To do good and to get good should be the desire and the study of the living man, so long as God continues his mental faculties. At this period of life and with my infirmities it is but little that I can hope to do; but to do according to the ability which God giveth is all that he requires. He yet continues to me some portion of mental vigor, and a heart to delight in the study of his revealed will. Recently my thoughts have been employed on the supposed personality of the Word” – “the Word of God.” To write any thing like a thorough review of the subject would be more than I could reasonably hope to accomplish. I may, however, be enabled to record a selection of thoughts, which may be in some degree useful to myself, and to some portion of my fellow men. will therefore hope in the mercy of God, — and, with reliance on bim, proceed to state some facts and thoughts relating to the subject, which shall appear to me both true and important.
1. I freely admit that Jesus, the Messiah, was properly a person, anointed of God, - one in whom the Father dwelt in a peculiar and intimate manner,
and that he is the person of whom it is said, “ his name is called the Word of God.” Rev. xix. 13. Among the Jews it was a custom to give or assume significant names. The angel who appeared to Joseph, the reputed father of the Messiah, said to him, “Thou shalt call his name Jesus,- for he shall save his people from their sins.” As Jesus signifies Saviour, it was properly given to him whom the “Father sent to be the Saviour of the world.” As bread is food for the body, so the truths of the Gospel are food for the soul. As Jesus was the medium through which God was pleased to communicate this food to men, the Messiah in one of his figurative discourses said to his hearers, “I am the BREAD OF LIFE" "the BREAD of God which came down from heaven” — “the living Bread.” This was figurative language, and on the same principle he might be called the WORD of God. When Jesus instituted the memorial of his death, he said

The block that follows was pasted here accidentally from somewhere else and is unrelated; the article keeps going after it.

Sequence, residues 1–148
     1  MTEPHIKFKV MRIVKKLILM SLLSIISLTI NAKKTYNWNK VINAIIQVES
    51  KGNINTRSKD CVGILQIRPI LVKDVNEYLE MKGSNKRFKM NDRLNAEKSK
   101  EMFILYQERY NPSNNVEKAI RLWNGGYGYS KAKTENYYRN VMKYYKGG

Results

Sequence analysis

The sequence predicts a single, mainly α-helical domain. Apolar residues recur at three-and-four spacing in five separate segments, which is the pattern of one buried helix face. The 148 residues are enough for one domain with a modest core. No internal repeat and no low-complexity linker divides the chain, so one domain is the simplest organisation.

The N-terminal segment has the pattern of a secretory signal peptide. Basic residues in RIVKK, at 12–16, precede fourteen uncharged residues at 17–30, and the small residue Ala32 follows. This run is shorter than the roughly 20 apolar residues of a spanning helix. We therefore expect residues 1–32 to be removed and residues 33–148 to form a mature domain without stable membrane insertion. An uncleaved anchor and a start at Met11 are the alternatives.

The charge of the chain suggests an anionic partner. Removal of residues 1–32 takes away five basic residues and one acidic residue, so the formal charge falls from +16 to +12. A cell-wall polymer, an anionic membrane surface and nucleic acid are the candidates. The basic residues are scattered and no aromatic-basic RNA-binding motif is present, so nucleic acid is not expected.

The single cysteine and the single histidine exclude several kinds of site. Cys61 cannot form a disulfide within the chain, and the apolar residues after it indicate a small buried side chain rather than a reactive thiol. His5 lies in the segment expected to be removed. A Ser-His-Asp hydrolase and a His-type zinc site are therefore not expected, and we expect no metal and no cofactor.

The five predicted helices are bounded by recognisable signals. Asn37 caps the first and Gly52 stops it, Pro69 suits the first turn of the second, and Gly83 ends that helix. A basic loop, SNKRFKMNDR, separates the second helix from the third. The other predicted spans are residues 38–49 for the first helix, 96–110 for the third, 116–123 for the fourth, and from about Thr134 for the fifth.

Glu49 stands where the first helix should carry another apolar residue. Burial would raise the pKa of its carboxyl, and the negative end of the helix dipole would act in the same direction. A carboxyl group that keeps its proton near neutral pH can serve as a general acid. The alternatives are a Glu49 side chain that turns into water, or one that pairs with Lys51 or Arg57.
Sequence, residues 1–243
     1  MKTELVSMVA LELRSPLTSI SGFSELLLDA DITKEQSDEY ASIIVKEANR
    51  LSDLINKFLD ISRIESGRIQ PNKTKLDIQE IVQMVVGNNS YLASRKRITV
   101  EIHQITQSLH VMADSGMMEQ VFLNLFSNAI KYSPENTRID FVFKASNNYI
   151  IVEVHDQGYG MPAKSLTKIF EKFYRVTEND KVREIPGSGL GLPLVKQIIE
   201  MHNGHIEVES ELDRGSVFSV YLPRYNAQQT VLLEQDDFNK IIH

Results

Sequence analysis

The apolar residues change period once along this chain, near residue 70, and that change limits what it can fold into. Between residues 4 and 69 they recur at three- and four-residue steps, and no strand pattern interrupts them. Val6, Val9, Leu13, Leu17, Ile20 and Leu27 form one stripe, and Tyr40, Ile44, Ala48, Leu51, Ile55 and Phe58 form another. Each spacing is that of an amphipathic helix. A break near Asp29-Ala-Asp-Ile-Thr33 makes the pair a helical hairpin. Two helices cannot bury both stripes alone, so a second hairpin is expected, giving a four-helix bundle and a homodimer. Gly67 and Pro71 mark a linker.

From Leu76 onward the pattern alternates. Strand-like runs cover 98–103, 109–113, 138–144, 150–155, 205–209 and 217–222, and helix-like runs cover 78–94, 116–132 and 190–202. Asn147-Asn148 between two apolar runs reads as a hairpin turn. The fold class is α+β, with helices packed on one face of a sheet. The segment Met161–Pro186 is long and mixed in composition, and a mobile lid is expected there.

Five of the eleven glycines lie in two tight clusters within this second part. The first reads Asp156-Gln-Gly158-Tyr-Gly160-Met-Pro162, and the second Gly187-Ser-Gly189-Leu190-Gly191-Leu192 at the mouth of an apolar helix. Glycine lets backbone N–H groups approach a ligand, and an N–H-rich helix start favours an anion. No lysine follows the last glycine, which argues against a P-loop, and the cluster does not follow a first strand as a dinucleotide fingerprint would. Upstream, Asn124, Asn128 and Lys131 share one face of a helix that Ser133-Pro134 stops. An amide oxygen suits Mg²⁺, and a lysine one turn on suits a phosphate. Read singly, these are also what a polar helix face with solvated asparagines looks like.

сир is the new Covenant in my blood.” No Christian perhaps doubts, that by the cup Jesus meant the wine which the cup contained ; this was an emblem of his blood. The body or flesh of Christ was the Bread of life, in the same sense that the wine was called the cup. To give to a vessel the name of the thing which it contains is a common figure of speech.
2. What was written by John concerning the Word in the first chapter of his Gospel is supposed to have been the principal ground on which the hypothesis was formed, that by the Word is meant a second person in the Godhead. Had it not been for what John wrote, no such opinion perhaps would ever have been entertained. Cruden, the author of a celebrated “Concordance," was much disposed to favor this hypothesis; yet he has marked but six cases in which he thought the WORD meant a divine person. Four of these are in the first chapter of John's Gospel. One is found in 1 John v. 7, — the text, which at this day is supposed to be spurious. The other is Rev. xix. 13, were the Messiah has his name “called the Word of God," as significant of his office, or the errand on which be was sent into the world. When on trial, Jesus said to Pilate; “ To this end was I born, for this cause came I into the world, that I should bear witness unto the truth.' This he did during his ministry; and this testimony be sealed with his blood.
3. Some learned men have supposed, that John employed the term logos or Word, in a sense which he borrowed from Plato's philosophy; but who can admit this, that duly considers how often the term “ Word,” had been used in the Old Testament? Unless Jobn meant to mislead his readers, it is reasonable to believe that he used the term in its Scriptural sense. In the Old Testament as well as in the New, the Word is sometimes personified, or spoken of as though a person was intended. It is said “the Word of the Lord came to one and another of the prophets, "saying." Then we are told what the Word said to them. Yet in the New Testament the matter is thus explained -"Holy men of God spake as they were moved by the Holy Ghost.” 2 Pet. i. 21. Who can doubt that what Peter ascribes to the Holy Ghost is the same that was ascribed to the Word in the Old Testament. It is true, that in both forms of speech the agency of a real person is implied, and that person was Jehovah, the living Father. He came by bis Word or spirit, and taught the prophets, what they should say or write. Had it been written · Jehovah came to Jeremiah saying,” and then by Peter, that "holy men of God wrote as they were moved by the Father,” the meaning would, I believe, have been the same that was meant by the forms of speech adopted